Rash Reaction

Nasty preservatives in wipes and lotions are triggering outbreaks

Dry gusts of forced air, wool sweaters and adverse reactions to mayoral politics aren’t the only thing driving up winter itching.

New research published in the journal Pediatrics has tied a chemical used in baby wipes to some cases of acute contact dermatitis in kids, but the problem runs a lot deeper than headlines let on.

The case report by the University of Connecticut School of Medicine raised a lot of eyebrows by documenting extreme rashes from wipe exposure. However, the UK’s St John’s Institute of Dermatology links a widespread increase in skin problems in adults and children alike to a preservative known as MI (or methylisothiazolinone).

You’ll find MI in thousands of lotions, shampoos, shower gels, makeup and, yes, wipes often used on kids like Wet Ones, as well as wipes marketed to adults as a replacement for plain toilet paper, like Cottonelle Fresh Care.

It’s grown increasingly common as brands shift away from controversial parabens. You’ll even spot it in some products labelled “natural” and “organic.”

Interestingly enough, the study in Pediatrics noted that allergic reactions to MI are frequently misdiagnosed as eczema, impetigo or psoriasis. Yes, that’s how bad the rash can get.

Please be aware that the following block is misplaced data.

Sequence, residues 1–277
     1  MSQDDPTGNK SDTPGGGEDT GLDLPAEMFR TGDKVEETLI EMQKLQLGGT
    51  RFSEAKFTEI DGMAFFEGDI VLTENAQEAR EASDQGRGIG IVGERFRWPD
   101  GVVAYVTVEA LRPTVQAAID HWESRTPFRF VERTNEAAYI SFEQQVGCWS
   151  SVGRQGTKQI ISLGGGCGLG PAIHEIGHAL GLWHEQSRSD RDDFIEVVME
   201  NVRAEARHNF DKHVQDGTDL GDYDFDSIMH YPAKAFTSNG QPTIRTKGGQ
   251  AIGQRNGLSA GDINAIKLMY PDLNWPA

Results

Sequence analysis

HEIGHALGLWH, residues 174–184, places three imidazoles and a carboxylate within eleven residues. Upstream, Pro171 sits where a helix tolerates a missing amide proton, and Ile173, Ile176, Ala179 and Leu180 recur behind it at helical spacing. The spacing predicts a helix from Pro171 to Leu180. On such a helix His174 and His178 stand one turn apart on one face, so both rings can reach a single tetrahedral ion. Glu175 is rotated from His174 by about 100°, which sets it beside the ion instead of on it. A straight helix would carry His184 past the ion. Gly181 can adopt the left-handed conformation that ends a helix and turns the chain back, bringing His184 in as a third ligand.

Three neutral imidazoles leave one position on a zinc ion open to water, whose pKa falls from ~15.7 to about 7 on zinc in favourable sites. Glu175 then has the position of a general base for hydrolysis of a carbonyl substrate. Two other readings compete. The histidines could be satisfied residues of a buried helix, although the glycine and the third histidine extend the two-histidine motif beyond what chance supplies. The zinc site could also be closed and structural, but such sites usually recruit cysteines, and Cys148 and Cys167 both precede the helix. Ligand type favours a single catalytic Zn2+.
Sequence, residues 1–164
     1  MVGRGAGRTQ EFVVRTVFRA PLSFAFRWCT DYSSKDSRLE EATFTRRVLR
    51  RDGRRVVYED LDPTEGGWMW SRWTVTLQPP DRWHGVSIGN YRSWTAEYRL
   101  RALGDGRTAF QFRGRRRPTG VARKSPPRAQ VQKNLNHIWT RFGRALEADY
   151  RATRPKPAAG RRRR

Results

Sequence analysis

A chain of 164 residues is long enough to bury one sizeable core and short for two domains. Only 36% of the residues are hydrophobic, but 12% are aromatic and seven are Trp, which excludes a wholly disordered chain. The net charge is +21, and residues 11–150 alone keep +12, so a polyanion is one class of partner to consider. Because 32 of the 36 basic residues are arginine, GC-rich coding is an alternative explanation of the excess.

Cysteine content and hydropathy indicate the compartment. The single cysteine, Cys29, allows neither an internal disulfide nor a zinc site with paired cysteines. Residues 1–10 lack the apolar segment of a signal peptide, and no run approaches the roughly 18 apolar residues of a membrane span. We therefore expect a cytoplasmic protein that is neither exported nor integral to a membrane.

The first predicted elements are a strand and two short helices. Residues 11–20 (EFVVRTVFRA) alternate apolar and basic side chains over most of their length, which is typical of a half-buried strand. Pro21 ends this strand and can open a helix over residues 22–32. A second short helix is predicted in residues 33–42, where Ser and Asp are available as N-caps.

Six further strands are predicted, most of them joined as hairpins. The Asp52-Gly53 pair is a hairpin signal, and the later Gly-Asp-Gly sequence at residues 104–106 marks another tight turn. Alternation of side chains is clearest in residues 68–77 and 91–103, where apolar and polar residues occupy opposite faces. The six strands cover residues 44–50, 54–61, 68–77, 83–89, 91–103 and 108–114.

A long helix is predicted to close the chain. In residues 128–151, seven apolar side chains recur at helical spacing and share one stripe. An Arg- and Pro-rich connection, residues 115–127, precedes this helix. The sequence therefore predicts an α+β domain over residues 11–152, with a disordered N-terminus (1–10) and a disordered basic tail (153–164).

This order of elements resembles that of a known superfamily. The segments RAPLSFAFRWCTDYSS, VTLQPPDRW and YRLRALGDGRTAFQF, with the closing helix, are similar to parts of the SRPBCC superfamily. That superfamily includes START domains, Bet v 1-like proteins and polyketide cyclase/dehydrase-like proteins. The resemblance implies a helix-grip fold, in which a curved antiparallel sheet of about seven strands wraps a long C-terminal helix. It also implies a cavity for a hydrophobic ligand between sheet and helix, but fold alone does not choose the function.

Reactions are even worse when MI is combined with MCI (methylchloroisothiazolinone). Health Canada knows they’re both major irritants, which is why they’re on HC’s Hotlist of restricted substances.

But St John’s Institute insists the permitted levels of MI (.001 per cent or 100ppm) are way too high.

After news broke on MI in the UK last summer, four major brands (Vaseline, Huggies, Nivea and Brylcreem) announced they’d be ditching the ingredient.

Unilever UK says it has been phasing out MI from leave-on products like lotion, though the bottle of St. Ives cream I spotted on shelves last week still contained the stuff. So far, Unilever’s keeping MI in rinse-off products like Dove shampoo and Axe shower gel bodywash.

But MI isn’t the only chemical in your beauty routine that could be bugging you.

The sudsy sodium lauryl sulfate in shampoo, toothpaste and dish soap can certainly touch off irritation. Think you’re safe with natural brands? Seventh Generation dish soap and Method hand wash, for example, contain both SLS and MI.

Fragrance in body care as well as laundry products is another super-common skin irritant that also happens to be laced with hormone disruptors, including scent-elongating phthalates, synthetic musks and more. Keep in mind that even natural essential oils can cause rashes and reaction in some. Safest bet: reach for unscented.

If you react adversely to a product, don’t be shy, let Health Canada know. You can report product side effects at, reminding the agency to get a grip on its chemical Hotlist by lowering permissible levels or banning troublesome chems altogether before the Hotlist is rendered as useful as Rob Ford at a council meeting. | @ecoholicnation